What is interesting is how the two productions approached their material. Here is a simple one -- the naval officers in the earlier version wear their uniforms, whereas the latter do not. This reflects the more naturalistic appearance of the '95 production. Clothes look more worn, candlelight is noticeably dimmer, and the action correspondingly more subtle (this is helped by the fact that Mr. Hinds is one of those actors who can do with a glance what many others might need a soliloquy to accomplish -- Ms. Hawkins is another one). Yet the action of the later version is more telling, often more exciting. The visit to the shore ( such an important event) takes place in bad weather, unlike the relative calm and sunny day of the first version (well, second--but I haven't seen the still earlier one). The long and weary journey to tell news of an accident is shown rather than skipped over, while Anne's sense of having actually gone through these trips is stronger. Likewise, the climax of the tale involves Anne actually racing to find Wentworth in the wake of receiving his letter -- she is literally breathless as she says her lines, and you can see how she trembles between her own self control and the passion of that moment.
In the '07 version the story veers between the POV of Anne and of Captain Wentworth himself. As a result, he is much less a cypher and we follow his own personal journey. Unfortunately, this costs some set up of essential exposition regarding the intentions of Anne's cousin. Such is handled much better in the '95 adaptation. Likewise there is a certain "sameness" to many of the male cast in the later one, in terms of general look and dress especially. Not so the earlier one, when it is easy to tell all characters apart at a glance -- not only in terms of looks but in dress.
At the same time, it is difficult not to see how some characters are made more overtly sinister in the '95 film, probably against the actual text. Lady Russell, for example, comes across as rather a villain in the earlier production -- a self-satisfied snob playing with Anne's life according to rules that have precious little to do with Anne's happiness. The later version is someone much more benign, who feels some guilt over the consequences of her persuasion. She has an agenda, to be sure, and one at odds with our own hopes but we also get the feeling that she would probably end up very pleased with how Anne's life ended up.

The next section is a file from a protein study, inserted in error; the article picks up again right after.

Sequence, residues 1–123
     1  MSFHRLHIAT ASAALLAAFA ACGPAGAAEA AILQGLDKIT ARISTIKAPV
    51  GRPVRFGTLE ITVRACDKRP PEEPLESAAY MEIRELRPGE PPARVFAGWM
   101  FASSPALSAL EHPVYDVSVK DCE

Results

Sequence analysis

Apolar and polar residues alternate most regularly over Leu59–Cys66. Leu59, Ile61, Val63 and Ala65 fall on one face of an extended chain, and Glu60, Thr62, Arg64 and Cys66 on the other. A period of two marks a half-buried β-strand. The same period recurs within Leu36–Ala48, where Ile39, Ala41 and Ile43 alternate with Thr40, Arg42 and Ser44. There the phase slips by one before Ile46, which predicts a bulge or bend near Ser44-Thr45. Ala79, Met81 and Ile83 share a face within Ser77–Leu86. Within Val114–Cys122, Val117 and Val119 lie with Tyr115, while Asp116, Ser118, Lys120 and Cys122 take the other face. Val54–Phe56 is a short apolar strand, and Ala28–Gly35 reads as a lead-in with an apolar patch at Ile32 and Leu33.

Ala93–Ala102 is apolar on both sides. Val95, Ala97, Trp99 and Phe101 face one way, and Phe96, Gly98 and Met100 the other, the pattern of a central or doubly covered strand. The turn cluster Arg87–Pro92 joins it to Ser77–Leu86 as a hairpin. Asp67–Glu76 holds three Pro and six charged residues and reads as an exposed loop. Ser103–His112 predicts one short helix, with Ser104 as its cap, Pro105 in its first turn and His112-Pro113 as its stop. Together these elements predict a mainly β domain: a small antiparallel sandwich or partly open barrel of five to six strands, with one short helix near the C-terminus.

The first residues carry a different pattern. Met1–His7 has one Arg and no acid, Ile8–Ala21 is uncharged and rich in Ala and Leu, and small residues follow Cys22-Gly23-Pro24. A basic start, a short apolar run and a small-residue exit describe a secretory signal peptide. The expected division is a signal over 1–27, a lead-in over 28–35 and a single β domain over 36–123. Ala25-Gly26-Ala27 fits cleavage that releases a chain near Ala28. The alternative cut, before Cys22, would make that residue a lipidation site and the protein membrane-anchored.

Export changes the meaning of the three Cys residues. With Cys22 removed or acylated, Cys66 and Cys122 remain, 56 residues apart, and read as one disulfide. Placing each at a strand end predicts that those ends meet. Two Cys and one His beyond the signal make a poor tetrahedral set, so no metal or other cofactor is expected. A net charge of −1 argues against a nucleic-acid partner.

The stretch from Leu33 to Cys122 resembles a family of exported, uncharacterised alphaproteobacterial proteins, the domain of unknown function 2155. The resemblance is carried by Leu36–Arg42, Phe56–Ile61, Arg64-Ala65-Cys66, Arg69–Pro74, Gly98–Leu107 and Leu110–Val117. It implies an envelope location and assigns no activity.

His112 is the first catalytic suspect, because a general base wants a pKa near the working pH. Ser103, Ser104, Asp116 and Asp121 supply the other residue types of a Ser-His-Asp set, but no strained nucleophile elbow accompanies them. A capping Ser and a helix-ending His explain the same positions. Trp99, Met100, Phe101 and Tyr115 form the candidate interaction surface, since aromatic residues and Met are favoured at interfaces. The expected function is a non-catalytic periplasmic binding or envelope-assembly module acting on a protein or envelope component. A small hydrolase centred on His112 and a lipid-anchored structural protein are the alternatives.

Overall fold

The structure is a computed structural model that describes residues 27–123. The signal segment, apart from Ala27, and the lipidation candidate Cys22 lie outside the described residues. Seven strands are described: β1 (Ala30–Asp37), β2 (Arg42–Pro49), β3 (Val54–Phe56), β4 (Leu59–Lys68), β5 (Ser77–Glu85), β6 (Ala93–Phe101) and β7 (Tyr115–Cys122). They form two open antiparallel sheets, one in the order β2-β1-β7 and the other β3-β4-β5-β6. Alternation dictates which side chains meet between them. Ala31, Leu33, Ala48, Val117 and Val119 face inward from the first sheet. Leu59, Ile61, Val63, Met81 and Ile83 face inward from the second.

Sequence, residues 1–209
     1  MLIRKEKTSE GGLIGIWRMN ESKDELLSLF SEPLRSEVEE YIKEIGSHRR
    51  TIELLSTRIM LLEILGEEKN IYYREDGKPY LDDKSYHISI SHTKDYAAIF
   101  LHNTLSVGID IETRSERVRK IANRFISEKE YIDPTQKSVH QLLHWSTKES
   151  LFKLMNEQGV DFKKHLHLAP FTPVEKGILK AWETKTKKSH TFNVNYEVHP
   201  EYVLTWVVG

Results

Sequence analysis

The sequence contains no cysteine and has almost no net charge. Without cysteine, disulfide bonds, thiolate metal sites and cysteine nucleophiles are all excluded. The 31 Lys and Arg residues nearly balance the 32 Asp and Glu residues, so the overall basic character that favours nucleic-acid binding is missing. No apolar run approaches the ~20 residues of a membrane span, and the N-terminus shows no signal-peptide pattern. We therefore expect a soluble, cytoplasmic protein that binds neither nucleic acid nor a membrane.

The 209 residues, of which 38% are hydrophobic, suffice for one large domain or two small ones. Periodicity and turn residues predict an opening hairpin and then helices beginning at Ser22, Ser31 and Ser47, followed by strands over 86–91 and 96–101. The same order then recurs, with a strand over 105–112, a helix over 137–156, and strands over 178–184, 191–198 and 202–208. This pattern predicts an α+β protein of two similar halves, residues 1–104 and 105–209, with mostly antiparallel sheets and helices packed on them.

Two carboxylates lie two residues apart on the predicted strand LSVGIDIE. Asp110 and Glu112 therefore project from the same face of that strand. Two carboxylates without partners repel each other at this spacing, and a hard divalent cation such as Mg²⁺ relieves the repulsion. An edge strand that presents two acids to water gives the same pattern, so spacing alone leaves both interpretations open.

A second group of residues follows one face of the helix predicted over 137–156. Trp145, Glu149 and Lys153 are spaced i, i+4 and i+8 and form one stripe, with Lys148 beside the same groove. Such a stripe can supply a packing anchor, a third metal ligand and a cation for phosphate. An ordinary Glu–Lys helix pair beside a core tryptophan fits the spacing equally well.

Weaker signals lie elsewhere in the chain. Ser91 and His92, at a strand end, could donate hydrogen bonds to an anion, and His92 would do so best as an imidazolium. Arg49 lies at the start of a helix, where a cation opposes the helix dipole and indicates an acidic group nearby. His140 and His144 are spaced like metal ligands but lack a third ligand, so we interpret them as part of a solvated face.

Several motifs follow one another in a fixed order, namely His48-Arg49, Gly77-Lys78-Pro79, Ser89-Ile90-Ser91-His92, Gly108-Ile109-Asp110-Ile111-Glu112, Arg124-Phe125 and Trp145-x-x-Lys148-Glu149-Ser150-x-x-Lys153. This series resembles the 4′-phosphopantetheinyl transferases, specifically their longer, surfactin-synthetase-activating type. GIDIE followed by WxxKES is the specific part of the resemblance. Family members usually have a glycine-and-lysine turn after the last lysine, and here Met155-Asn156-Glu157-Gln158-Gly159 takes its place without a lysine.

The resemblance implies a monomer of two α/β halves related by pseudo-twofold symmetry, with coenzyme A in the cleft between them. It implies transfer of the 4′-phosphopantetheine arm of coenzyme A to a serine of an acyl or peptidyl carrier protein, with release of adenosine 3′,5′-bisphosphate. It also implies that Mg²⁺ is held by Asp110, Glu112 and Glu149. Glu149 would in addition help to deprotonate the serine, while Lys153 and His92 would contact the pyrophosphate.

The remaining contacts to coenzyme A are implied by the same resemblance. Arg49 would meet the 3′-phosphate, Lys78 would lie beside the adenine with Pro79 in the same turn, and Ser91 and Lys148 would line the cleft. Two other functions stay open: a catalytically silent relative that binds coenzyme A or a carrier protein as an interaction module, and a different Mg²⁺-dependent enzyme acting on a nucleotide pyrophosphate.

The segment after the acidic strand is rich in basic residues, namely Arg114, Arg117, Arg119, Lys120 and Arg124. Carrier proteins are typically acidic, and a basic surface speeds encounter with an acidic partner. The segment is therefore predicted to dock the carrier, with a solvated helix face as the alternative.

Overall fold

Likewise Anne's father, an arrogant fool as in the book, is interestingly different in the two versions. One has him as something of a ridiculous fop, pathetic in his own way and surrounded (by preference) with women as silly and petty as himself. Another dimension seemed to exist for the second (or third) version, albeit a subtle one. He appears to be treating his favorite (and most snobbish, like himself) daughter as a surrogate wife -- not in terms of sexuality but in terms of a partnership. He frankly comes across as a darker individual, and Anne a more impressive person having resisted his ways.
Both versions come up with endings not really in the novel. In '95 they made much of Captains having their wives aboard, and we see at the end Anne Wentworth beside her husband at sea. It was a lovely image of freedom from their pasts. The filmmakers twelve years later ended with the Captain giving his bride a special wedding gift -- the house where she'd grown up and which she clearly loved dearly. It felt more like a fairy tale ending, as well as a testament not only to Wentworth's esteem of his Anne, but his understanding of her.
In short, I recommend both, having appreciated both and remain grateful to those who created both versions.